Window & Door Grids
Get creative. Doors and windows as works of art. Imagine the morning sunlight gently entering a room. As the light warms your room, you notice a delightful mosaic of light and shadows reflecting on the wall—a reflection of the grid design you’ve chosen for your windows or patio door.
Door and window grids are a distinctive way to liven up the look of your home, whether you’re admiring it from the inside or out. Grids can make a window or door match a historical period or architectural style. They can also turn a large open pane into something extraordinary.
The types of door and window grids available to you will depend on the manufacturer and the material of the door or window (i.e., vinyl, aluminum, fiberglass). You can classify grids based on where they’re placed on the pane (between the two panes of insulated glass, on the exterior glass or on the interior glass). Door and window grids positioned between the panes make the window easiest to clean, though interior and exterior grids usually are designed as “snap-in grids” that can be removed and reattached easily and quickly. The profile of a grid can sometimes be shaped flat while other times it is sculptured.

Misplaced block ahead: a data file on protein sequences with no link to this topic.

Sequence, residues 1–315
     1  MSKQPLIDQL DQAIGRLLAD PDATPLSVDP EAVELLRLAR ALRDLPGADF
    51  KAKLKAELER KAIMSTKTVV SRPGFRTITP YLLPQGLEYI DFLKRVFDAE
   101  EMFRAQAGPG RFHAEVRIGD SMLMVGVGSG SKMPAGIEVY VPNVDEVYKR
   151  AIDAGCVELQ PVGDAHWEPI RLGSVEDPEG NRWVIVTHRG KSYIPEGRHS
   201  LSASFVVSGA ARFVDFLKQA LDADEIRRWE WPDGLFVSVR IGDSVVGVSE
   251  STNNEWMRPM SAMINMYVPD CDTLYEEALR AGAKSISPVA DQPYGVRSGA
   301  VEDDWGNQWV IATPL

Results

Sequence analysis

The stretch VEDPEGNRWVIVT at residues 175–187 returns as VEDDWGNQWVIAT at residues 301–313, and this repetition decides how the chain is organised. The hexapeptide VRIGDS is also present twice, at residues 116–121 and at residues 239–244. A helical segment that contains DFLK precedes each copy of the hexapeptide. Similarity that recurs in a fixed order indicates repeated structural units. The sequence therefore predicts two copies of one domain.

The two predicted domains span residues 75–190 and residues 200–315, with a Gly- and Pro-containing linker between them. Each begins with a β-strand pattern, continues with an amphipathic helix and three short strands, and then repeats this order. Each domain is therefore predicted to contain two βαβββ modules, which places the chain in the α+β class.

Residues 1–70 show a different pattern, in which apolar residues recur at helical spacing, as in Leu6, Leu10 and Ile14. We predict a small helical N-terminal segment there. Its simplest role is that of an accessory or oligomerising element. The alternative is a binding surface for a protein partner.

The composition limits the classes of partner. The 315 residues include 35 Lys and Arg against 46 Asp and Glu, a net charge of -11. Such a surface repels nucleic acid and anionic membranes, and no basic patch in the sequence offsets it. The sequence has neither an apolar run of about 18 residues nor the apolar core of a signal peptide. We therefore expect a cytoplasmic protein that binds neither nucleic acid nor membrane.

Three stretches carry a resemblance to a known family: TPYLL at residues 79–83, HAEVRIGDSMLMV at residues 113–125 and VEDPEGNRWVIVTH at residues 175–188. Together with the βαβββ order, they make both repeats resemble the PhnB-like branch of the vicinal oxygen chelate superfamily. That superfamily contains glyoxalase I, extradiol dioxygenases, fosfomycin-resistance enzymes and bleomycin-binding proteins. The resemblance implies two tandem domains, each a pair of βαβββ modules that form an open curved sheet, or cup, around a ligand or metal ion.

Using Grids to Create Lites
Originally, grids were used as a way to both create visual interest in a window or door and to hold the various individual panes (lites) that made up that window or door. With insulated glass, it’s not only more cost-effective, to simulate a divided pane, it’s also easier to clean.
True Divided Lites
Individual panes of glass are held together with built-in muntin grids to accurately recreate the look of colonial-era homes.
Simulated Divided Lites (Option A)
To create a realistic look of divided lites from the interior perspective only, you can use a grid on the interior side of the window in combination with a grid between the panes.
Simulated Divided Lites (Option B)
To create a realistic effect of divided lites from the exterior perspective only, you can use a grid on the exterior side of the window in combination with a grid between the panes.
Grids Between the Glass
You also can just rely on a grid between the panes to simulate the look of lites. From a close-up perspective, you lose the dimensional effect and look of a physical grid on the outside of the pane, but retain the overall look of divided lites.